For this production, the audience extends onto the stage. These tickets are available for purchase. There are two sets of seats facing each other with the play’s action in-between. Ensemble members emerge from these seats to step into the action. The effect establishes the storytelling style and adds a personal touch. Spring Awakening stimulates as an old-fashion, age-of-innocence fascination.

SIDENOTE: For my own spring awakening, I saw this show the night after American Theatre Company’s The Original Grease. The similarities are obvious: sex and teenagers! The lingering impact is the evolution of thought from 19th century to 20th century. The 50+ years have empowered youth with knowledge of their bodies and authority. The exploration of both is handled with crude humor and little to no privacy. The 21st century musical investigating the Facebook 2.0 generation’s mating rituals will not shock or stun. It will traumatize!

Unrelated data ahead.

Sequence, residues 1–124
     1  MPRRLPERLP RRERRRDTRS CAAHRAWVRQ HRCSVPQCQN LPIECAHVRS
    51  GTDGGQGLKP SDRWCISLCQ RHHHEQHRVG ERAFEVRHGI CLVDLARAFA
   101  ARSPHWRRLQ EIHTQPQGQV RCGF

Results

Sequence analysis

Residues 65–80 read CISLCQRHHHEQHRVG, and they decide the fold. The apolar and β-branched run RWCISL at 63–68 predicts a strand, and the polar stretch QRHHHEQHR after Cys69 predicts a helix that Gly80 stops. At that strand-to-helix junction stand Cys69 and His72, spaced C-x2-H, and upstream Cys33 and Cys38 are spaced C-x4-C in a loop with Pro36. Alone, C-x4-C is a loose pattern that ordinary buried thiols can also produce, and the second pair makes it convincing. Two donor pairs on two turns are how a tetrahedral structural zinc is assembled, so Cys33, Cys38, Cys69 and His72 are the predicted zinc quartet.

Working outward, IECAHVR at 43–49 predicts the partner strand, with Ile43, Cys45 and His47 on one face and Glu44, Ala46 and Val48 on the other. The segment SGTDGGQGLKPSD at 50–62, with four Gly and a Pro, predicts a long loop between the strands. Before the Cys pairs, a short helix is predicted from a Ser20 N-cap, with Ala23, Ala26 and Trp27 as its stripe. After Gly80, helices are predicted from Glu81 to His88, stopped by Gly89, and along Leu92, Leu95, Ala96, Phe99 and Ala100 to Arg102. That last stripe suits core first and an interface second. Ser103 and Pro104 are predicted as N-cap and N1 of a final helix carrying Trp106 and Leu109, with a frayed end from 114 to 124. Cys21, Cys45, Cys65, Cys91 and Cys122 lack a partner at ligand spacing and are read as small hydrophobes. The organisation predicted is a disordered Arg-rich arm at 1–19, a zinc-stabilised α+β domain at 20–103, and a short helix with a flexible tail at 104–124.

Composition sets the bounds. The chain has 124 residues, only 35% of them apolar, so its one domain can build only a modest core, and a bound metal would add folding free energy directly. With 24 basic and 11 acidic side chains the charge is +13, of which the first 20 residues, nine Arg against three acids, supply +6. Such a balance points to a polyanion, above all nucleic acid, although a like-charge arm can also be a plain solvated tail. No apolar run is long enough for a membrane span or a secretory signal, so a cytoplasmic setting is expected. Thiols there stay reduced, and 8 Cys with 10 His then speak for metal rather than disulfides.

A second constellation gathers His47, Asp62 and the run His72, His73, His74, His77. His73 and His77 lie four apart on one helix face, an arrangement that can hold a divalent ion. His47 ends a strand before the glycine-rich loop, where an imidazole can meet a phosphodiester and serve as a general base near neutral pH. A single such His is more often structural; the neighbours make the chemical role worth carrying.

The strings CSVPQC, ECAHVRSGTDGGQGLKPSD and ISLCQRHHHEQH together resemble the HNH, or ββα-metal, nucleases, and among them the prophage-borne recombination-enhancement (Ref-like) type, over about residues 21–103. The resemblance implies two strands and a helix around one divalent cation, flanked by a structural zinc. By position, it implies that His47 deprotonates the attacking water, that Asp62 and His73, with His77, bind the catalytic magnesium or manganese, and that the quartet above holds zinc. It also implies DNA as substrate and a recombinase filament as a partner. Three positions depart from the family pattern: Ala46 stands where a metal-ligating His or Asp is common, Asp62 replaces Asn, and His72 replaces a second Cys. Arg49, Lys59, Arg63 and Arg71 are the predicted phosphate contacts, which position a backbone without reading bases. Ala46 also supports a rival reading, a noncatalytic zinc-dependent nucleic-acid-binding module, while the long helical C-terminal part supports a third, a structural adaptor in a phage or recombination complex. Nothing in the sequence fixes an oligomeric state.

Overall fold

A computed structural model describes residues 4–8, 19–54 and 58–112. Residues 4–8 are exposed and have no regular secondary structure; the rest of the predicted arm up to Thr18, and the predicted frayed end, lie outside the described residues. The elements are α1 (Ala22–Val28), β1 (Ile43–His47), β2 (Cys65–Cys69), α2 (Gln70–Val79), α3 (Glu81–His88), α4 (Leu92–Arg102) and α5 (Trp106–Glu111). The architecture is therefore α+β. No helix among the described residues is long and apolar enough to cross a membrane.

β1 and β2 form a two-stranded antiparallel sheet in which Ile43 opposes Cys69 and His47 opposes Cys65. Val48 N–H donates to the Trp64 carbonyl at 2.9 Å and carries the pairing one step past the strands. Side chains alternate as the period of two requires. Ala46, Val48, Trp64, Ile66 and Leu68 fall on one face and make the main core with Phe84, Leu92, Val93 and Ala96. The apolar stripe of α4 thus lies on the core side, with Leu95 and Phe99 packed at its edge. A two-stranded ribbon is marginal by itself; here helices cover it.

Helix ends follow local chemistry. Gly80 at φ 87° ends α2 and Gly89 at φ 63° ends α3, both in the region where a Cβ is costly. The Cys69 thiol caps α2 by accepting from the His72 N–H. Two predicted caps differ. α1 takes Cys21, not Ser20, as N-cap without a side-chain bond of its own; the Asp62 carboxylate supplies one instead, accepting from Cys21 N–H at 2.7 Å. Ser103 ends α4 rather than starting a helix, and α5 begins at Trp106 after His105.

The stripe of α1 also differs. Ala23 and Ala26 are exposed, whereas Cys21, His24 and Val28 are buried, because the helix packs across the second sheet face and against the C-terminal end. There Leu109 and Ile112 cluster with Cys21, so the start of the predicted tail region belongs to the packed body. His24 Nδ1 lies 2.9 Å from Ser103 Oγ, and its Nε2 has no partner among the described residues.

Rating: ★★★
  
  

The cast of the national tour of "Spring Awakening". Photo credit: Andy Snow ©2010

Photos by Andy Snow and Phil Martin

Running Time:  Two hours and thirty minutes includes an intermission.    A 20th century man with some 21st century tendencies, Steve says simply, ‘Go See It!’